Multi-herd evaluation procedures for beef cattle are reviewed. These include the formal establishment of genetic links across herds through the use of AI reference sires, the conduct of central performance testing and the participation in co-operative nucleus breeding schemes. The advantages, limitations and problems of each of these procedures are discussed. The primary and most limiting factor for the use of field data for multi-herd animal evaluation is the extent of genetic ties across herds. Even the most sophisticated analytical procedure cannot properly account for poor connectedness amongst herds. Central performance tests are often limited by poor representation of individuals from contributing herds, the influence of pre-test environmental effects and differences between the test and commercial environments. Co-operative nucleus breeding schemes may provide suitable population structures for multi-herd evaluation, although further work is required to examine the impact of unbalanced data structures on the accuracy of evaluation.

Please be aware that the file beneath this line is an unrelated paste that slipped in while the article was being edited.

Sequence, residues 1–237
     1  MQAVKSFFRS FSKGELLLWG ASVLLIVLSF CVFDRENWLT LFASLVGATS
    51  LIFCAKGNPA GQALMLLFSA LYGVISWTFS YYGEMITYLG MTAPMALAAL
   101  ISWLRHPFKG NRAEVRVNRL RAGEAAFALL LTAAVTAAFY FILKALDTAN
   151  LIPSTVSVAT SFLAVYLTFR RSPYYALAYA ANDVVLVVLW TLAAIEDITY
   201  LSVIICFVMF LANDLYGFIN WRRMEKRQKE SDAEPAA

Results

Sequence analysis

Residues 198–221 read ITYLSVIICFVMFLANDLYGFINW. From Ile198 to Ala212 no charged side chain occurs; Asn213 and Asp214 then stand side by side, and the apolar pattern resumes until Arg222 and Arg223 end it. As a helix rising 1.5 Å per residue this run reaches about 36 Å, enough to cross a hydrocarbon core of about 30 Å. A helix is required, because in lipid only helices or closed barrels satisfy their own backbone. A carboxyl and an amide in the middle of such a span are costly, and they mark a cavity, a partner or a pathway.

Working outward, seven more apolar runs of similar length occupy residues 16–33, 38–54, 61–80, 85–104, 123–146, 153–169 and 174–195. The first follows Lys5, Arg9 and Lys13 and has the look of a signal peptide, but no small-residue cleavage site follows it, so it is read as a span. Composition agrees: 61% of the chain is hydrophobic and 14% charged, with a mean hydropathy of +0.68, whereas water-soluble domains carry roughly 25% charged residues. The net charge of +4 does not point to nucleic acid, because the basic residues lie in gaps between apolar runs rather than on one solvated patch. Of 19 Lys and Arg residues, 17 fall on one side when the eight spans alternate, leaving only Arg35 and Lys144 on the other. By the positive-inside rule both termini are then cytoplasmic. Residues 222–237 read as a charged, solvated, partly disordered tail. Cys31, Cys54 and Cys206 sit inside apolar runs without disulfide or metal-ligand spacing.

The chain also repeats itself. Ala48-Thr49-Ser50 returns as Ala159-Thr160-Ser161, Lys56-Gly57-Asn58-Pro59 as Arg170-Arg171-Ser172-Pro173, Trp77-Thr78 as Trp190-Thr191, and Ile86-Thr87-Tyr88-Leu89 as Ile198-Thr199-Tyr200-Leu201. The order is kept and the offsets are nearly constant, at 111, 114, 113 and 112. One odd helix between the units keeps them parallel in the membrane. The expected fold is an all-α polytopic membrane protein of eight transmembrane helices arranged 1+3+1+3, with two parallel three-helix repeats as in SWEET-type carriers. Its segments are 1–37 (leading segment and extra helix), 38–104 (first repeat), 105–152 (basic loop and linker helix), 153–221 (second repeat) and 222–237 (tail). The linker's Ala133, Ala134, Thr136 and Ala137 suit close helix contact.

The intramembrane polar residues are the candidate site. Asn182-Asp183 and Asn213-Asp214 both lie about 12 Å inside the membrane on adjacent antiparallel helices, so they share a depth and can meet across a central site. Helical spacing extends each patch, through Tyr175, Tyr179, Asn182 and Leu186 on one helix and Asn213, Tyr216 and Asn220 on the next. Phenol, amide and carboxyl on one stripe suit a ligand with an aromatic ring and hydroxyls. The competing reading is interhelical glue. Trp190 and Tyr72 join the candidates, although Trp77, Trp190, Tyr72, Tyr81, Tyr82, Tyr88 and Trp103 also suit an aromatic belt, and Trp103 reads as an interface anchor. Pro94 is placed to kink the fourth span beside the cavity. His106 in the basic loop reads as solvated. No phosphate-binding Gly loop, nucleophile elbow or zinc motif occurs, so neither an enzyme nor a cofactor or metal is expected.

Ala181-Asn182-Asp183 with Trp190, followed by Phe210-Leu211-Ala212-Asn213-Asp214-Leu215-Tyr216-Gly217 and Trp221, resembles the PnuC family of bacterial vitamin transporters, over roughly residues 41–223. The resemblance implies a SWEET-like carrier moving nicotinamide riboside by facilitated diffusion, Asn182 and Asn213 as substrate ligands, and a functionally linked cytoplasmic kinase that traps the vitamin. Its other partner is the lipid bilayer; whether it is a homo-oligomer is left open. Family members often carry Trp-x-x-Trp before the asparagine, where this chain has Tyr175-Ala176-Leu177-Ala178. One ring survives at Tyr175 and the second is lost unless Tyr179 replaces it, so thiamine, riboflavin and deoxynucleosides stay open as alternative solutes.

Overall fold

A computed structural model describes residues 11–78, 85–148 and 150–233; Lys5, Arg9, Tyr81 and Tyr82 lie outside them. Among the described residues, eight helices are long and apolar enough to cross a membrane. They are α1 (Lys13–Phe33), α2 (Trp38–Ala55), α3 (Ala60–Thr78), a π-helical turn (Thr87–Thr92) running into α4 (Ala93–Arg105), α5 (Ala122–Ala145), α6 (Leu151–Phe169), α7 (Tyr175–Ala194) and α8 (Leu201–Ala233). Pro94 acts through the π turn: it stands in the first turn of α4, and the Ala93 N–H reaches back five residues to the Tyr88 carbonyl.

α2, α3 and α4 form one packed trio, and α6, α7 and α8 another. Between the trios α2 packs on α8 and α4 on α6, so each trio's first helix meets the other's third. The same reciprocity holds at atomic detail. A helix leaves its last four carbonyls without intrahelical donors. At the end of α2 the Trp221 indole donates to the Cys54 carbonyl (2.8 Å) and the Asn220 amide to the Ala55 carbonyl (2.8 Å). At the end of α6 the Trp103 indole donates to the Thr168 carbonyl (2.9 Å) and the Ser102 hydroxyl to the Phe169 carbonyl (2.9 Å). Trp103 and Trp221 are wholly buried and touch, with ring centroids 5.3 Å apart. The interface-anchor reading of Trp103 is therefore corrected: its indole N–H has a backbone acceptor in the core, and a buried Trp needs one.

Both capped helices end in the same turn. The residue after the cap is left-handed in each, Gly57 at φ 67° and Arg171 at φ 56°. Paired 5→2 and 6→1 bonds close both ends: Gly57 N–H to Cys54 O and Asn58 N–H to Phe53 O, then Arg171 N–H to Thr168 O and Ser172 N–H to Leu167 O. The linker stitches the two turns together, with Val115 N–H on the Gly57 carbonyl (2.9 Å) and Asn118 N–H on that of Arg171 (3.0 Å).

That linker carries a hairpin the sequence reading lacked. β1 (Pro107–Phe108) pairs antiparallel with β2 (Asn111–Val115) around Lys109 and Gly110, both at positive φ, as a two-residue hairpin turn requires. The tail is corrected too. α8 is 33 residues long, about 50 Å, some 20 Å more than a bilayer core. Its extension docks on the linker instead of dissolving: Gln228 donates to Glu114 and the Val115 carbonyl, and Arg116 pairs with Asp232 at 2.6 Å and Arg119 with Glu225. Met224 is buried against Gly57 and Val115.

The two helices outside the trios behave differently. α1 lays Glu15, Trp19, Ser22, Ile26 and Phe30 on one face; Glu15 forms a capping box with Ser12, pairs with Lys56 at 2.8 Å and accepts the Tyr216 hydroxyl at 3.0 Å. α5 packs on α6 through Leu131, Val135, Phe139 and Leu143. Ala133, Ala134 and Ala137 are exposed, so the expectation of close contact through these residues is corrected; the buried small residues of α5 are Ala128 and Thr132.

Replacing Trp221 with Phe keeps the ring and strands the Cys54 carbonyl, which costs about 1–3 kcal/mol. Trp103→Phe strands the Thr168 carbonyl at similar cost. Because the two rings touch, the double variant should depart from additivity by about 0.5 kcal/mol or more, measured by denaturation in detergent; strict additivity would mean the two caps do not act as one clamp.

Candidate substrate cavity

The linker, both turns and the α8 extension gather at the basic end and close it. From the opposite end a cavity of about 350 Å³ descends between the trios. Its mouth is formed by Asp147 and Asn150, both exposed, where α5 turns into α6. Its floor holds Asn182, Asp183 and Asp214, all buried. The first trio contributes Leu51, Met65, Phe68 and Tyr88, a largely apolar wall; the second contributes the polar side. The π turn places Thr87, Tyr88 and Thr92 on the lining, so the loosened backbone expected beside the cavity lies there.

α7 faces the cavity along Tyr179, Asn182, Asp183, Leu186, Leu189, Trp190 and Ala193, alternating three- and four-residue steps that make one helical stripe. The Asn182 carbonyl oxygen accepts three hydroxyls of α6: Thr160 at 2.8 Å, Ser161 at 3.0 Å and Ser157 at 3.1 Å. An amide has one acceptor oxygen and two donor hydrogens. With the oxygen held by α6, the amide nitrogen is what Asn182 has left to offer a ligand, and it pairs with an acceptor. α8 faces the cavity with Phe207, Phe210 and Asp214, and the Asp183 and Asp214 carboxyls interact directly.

Proceedings of the World Congress on Genetics Applied to Livestock Production, Volume IX. Breeding programs for dairy and beef cattle, water buffalo, sheep, and goats., , 373–388, 1986
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